Camera Work: Bright Ideas
So many ideas for today’s post, the mind boggles! Sometimes, there is a dearth of ideas, sometimes, a plethora. Not that there is any actual lack, or a sudden increase in sources, but rather, a mental spectrum running from lethargy to vigor crowding in just when I need inspiration to write. Today is such a day.
For instance, Ruth Calvo’s Saturday Art post about Thomas Eakins reminded me of early considerations I had concerning the differences between painting and photography, which I voiced in Saturday’s post. She reminded me that Eakins was also a photographer, which I then connected to Eadward Muybridge and his what is arguably the first motion picture, of horses in motion. He did it by setting s series of cameras along a track with trip wires that triggered the camera’s as the horse ran past, which later he showed as a motion picture using his invention, the Zoopraxiscope.
Some people think Thomas Edison invented motion pictures. Well, he did patent the process he invented to commercially produce movies, but Muybridge actually produced and projected a motion picture before Edison did.
Considering Edison’s invention, the inclination to dodge patent rights, which Edison ruled with an iron fist, is a big reason Hollywood rose up as the capital of motion picture producing, because Hollywood was 3000 miles away from New York, and, in those years, was a difficult path for pursuing patent infringement cases. Of course, having excellent weather most of the year made it a better location choice, but hey! Two birds, one stone.
Good story stuff, great subject, no?
I could write about the evolution of the software industry as it affected me concerning upgrades to Operating systems and computer hardware. It came up in Friday’s OE when I commented on the fact I possessed a perfectly good scanner which is inoperable because Epson declined to update the drivers for Win 7. AliceX commented that there are third party alternatives, which I knew about but my preference is really the Epson software as it is purely generic, no overlay of algorithms about how a picture should look. Later, I was thinking about it and thought: “well, maybe someone had figured out an answer lately because I’m surely not the only one who is miffed by Epson’s refusal to update. I did an online search, and sure enough, now a hack exists. Since the series of scanners Epson named the Perfection series have basic identities, differing in non-major ways, it became a simple matter to recognize that the driver software has a common base, and that all that was necessary was to download a particular version open the file to a particular point and insert the lines of code that identified my scanner as part of the brood. Brilliant! I did it and now it runs like a champ! Sat there since 2007 being a paper weight, now fully functioning again.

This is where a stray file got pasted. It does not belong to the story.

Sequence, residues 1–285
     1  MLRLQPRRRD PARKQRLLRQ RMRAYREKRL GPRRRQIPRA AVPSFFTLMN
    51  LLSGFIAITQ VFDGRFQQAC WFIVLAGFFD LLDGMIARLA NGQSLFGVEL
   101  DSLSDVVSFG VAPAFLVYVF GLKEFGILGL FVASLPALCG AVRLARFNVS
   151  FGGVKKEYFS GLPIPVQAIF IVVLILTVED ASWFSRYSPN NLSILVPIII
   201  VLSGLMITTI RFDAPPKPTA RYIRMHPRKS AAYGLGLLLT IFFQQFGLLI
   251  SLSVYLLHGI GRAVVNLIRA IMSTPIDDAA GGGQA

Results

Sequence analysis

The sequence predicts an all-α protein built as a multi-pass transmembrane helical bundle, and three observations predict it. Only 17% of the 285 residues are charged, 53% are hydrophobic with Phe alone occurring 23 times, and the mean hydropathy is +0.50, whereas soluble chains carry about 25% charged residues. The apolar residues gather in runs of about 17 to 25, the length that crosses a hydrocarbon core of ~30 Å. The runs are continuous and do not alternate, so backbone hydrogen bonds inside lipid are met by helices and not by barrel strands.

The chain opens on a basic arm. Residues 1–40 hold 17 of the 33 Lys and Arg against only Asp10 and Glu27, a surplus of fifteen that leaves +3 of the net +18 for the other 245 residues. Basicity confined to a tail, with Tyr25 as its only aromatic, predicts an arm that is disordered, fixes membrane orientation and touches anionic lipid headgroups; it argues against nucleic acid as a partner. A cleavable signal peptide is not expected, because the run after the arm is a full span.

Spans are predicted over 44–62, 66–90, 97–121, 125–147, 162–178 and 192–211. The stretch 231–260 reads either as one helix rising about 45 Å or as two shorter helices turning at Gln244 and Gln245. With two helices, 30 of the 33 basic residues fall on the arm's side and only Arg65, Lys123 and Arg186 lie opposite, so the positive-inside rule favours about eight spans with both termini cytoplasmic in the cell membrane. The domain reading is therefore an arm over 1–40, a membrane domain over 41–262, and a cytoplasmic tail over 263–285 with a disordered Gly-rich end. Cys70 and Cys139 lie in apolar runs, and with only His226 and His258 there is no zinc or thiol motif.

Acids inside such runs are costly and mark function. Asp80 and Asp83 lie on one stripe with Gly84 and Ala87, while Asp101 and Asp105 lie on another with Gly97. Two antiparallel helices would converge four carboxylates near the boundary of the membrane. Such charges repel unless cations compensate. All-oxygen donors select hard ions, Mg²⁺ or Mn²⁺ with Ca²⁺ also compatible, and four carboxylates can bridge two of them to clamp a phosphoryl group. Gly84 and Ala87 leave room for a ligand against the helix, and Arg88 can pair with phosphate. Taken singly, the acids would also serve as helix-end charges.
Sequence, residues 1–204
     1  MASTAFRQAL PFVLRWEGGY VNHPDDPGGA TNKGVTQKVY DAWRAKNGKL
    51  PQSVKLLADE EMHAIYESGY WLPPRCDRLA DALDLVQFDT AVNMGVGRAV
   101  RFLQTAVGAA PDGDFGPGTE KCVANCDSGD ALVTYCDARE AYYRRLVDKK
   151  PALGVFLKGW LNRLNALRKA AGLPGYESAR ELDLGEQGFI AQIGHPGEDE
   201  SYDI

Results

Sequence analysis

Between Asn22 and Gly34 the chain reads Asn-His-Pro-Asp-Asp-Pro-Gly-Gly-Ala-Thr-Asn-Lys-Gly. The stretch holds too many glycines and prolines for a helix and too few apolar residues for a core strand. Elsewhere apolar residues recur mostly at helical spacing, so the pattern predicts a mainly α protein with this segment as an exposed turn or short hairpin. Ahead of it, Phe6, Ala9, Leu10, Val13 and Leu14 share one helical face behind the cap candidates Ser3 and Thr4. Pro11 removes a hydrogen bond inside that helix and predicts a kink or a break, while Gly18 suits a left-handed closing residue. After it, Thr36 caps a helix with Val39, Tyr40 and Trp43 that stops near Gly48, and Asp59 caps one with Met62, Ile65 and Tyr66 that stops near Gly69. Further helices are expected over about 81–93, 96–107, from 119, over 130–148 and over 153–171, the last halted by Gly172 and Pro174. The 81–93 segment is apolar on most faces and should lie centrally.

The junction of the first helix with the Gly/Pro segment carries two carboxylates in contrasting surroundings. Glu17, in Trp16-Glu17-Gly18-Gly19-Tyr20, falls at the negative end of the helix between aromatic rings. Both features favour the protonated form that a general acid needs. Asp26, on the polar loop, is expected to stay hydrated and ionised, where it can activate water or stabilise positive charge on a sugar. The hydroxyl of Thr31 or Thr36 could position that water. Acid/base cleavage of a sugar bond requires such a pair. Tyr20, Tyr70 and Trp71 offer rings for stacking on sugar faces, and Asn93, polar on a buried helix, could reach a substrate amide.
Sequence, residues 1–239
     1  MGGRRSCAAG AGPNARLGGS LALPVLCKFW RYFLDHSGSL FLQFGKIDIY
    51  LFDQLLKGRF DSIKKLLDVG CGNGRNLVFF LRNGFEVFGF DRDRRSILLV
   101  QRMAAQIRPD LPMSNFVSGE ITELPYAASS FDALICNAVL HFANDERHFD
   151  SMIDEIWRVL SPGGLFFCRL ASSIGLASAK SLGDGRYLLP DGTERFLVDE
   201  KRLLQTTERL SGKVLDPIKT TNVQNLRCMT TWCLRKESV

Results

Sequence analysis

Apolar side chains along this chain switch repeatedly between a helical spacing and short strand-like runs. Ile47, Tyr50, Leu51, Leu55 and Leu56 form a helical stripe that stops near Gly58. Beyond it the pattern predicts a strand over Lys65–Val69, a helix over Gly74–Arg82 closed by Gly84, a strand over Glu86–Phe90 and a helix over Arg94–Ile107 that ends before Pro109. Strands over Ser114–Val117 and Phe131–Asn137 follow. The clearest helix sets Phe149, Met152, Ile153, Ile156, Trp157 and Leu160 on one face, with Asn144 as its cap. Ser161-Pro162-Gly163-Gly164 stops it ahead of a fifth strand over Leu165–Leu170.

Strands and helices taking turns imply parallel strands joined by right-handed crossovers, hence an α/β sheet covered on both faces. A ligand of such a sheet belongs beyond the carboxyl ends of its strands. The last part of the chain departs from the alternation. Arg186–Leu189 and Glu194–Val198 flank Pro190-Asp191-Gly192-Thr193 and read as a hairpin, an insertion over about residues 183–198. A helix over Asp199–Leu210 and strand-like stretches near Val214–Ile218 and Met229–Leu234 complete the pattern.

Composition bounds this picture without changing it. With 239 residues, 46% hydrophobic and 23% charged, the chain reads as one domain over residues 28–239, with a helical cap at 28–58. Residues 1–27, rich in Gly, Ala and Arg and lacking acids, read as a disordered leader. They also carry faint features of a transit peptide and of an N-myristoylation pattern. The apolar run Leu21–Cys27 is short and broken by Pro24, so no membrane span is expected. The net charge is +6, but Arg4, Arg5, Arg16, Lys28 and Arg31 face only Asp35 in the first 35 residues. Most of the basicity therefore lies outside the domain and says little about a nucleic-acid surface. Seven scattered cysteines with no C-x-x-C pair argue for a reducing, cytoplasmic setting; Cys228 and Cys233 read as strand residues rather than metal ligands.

Maybe I should write about that.
But wait! On Friday’s Late Night FDL, cmaukonen posted a couple of links to some shots he did in a county park called West Woods. He produced a series of images, little vignettes of scenes that caught his attention, a rather large variety of them. One in particular caught my eye, a photo of the History Center, a classic example of a nice building well photographed, in terms of composition and maintenance of parallel verticals. Achieving both in an architectural shoot is no simple task, yet Chris accomplished it, as he said : “I was freezing cold and it was wet an rainy and I almost didn’t take it.” A perfect example of getting to the heart of the matter with no fuss! I thought about that, and recalled a comment Ansel Adams made on the same topic: “It’s either there or it’s not, I don’t fuss any more.”
Don’t fuss any more. Click the shutter; throw two hands at the keyboard and just play( advice from my piano teacher when I grumbled about making so many mistakes I couldn’t play right), IOW, just do it!
So what should I write about? Getting close to publishing time and I haven’t figured out anything to write about.
Oh wait! I just did!
Photo ©2015 Lawrence Hudetz All Rights Reserved.